From Ubuntu Doctors Guild
The installers that Astronaut uses are packaged for one of several Linux operating systems.
- Debian/Ubuntu/Kubuntu Linux (.deb)
- Red Hat/Fedora Linux (.rpm)
A virtual machine (installed in Windows) will be used to run the VistA server using an Ubuntu server operating system within the virtual machine. While you can install any operating system as the "guest OS" within a virtual machine, these instructions are oriented towards using Ubuntu as the guest OS and the use of the corresponding (.deb) version of the Astronaut VistA server installer.
The VistA clients (which are Windows-based) will then be able to directly access the Ubuntu / VistA server running in the virtual machine.
In this fashion, an entire self-contained VistA EHR can be created and run on a single computer.
Install Astronaut WorldVistA server in a virtual machine on Windows
There are several choices of virtual machine programs available for Windows in which the Ubuntu / VistA server can be run.
VirtualBox (by Sun) has a free proprietary edition as well as a subscription-based enterprise edition. The free edition only allows the usage of a 32-bit operating system (as the guest OS) whereas the subscription edition allows a 64-bit guest OS. (There is a free open source edition, but installing it in Windows is not very easy (unlike in Linux).) It is possible to convert virtual machines created in VirtualBox to VMWare and vice versa.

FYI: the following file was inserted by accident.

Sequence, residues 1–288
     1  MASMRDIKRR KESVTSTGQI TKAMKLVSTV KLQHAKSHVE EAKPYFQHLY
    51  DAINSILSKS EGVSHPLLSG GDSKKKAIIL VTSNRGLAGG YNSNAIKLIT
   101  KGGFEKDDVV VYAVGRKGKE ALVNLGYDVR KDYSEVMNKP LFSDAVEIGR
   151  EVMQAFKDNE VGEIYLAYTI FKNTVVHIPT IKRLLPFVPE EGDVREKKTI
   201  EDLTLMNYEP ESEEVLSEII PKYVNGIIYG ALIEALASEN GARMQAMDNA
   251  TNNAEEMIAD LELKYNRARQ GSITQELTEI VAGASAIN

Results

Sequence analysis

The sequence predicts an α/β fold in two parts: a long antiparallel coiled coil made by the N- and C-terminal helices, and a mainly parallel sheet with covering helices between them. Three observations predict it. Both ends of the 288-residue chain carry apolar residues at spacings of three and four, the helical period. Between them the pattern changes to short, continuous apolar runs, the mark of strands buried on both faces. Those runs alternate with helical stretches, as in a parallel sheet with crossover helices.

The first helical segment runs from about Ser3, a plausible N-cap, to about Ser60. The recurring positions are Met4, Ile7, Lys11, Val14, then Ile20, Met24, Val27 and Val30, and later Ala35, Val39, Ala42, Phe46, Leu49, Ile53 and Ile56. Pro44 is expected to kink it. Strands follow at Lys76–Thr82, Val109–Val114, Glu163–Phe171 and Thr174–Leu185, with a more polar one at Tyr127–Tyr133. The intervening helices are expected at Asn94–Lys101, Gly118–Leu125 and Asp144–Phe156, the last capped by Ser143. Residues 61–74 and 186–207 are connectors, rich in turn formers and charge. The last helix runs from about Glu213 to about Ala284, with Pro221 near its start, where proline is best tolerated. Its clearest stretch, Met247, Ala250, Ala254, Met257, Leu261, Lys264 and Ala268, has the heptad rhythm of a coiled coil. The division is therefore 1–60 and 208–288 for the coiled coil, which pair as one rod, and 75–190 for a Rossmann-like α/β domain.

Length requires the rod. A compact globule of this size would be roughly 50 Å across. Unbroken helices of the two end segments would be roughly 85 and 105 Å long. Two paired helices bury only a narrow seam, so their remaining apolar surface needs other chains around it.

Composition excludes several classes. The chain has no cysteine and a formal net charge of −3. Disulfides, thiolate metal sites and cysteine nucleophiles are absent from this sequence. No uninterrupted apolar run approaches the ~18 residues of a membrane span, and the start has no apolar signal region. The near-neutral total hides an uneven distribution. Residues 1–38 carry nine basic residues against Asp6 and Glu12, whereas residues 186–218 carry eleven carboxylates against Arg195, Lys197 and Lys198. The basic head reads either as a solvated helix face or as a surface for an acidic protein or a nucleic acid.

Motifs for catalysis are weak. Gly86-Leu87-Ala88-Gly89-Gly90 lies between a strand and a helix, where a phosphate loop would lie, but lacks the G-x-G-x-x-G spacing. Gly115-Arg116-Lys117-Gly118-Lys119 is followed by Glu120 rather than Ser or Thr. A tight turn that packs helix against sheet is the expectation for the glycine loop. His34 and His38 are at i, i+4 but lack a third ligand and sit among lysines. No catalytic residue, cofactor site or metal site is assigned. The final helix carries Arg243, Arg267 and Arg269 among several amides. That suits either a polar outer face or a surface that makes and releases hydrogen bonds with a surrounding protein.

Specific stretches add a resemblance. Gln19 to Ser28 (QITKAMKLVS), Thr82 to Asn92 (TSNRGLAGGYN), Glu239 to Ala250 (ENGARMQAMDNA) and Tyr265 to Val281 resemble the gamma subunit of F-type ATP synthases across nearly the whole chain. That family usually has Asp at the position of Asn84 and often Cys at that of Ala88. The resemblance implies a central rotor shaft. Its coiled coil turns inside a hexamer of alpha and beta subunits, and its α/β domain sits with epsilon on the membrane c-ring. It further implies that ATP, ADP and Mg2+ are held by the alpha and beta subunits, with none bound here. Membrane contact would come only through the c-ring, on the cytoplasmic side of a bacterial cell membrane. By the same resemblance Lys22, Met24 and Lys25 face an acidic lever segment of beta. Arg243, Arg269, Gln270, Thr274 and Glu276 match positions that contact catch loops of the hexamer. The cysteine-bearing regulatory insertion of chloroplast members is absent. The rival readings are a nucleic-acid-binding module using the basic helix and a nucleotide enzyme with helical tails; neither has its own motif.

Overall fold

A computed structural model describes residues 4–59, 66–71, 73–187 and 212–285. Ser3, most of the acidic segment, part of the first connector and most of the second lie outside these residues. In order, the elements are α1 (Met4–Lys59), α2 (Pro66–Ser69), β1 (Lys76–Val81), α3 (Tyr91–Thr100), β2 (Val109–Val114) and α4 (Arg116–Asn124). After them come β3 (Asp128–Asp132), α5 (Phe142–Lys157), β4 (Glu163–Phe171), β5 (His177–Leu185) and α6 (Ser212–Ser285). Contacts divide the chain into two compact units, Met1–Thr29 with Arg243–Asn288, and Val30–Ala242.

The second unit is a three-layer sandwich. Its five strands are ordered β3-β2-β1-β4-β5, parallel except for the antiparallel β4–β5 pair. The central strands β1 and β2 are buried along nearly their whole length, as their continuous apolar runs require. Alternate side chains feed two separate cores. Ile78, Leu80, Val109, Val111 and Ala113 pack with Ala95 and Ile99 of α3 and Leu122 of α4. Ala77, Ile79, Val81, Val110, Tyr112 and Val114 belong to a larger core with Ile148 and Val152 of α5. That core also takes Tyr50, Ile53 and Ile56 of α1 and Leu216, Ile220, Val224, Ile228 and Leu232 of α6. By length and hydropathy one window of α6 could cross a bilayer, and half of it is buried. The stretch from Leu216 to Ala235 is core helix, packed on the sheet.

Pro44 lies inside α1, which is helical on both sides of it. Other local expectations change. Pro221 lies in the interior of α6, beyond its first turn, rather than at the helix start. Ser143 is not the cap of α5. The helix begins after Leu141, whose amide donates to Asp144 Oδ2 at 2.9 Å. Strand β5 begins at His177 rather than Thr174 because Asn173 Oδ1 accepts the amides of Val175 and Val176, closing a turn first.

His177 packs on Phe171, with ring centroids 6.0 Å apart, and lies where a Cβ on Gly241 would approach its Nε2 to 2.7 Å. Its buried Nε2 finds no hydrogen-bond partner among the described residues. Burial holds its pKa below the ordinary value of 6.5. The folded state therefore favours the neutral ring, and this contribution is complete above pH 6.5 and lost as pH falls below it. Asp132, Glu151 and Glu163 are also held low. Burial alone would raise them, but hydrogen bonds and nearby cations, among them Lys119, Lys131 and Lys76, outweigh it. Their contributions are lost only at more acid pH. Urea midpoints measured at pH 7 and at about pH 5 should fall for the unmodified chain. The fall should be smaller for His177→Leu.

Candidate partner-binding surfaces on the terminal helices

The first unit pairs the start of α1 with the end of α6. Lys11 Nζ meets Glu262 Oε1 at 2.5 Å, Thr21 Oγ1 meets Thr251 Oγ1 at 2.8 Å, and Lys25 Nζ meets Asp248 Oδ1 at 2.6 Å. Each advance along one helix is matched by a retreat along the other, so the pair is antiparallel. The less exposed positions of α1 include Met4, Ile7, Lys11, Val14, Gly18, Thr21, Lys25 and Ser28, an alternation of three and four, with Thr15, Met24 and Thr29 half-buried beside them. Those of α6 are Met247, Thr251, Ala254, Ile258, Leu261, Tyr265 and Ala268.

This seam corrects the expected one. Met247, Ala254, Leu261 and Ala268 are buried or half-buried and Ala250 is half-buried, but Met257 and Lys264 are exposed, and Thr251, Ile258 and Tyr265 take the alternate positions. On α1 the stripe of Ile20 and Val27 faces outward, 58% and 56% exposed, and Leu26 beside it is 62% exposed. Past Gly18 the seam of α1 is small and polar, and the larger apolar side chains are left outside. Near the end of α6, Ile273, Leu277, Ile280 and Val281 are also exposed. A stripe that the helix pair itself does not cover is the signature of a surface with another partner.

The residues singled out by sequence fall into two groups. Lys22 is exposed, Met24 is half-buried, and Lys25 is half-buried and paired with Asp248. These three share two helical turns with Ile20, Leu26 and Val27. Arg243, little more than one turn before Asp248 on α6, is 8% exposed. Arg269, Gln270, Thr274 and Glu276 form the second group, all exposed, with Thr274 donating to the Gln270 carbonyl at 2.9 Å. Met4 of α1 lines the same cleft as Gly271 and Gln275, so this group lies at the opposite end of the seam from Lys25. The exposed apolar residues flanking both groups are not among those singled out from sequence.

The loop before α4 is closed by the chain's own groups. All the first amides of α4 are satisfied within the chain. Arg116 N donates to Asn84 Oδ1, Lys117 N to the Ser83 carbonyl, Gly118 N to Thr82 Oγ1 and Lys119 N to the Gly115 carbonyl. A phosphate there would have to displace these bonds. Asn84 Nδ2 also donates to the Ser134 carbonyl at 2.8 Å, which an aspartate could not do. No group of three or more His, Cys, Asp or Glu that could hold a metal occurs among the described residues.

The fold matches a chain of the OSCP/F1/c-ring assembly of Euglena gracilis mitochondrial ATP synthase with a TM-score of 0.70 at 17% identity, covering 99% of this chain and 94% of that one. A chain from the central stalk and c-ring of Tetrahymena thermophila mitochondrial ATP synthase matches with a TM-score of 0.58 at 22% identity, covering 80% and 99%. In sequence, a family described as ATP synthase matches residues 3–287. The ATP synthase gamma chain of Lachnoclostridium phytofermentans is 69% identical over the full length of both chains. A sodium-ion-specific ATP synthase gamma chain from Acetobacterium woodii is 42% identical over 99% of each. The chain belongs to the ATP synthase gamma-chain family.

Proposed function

I found both the installation process and the interface for VirtualBox very user-friendly, so it is my preferred solution for stand-alone systems and for smaller networks.
- VMWare -- the newer version (2) has a quite complex browser-based user interface setup and a networking scheme which is somewhat tricky to configure. However, once it has been installed it can be administered over a network and has many more configurable networking and remote control options (achieving greater flexibility than some other virtualization platforms). This may make it more suitable for multi-server installations (such as cloud-computing environments, for example). The free Server edition allows the creation of virtual machines and is recommended.
- QEMU -- free, but must be compiled from source. (Instructions not completed. Use VirtualBox instead.)
Other virtual machines
- Parallels -- requires VT-x or AMD-V CPU extensions. License is $80/each. (I have not used this product.)
- The WorldVistA EHR Personal Toaster is a self-contained appliance for Windows that includes a bundled QEMU virtual machine, a Damn Small Linux operating system, and a WorldVistA server (it does not use the Astronaut format). All are installed in a one-step process.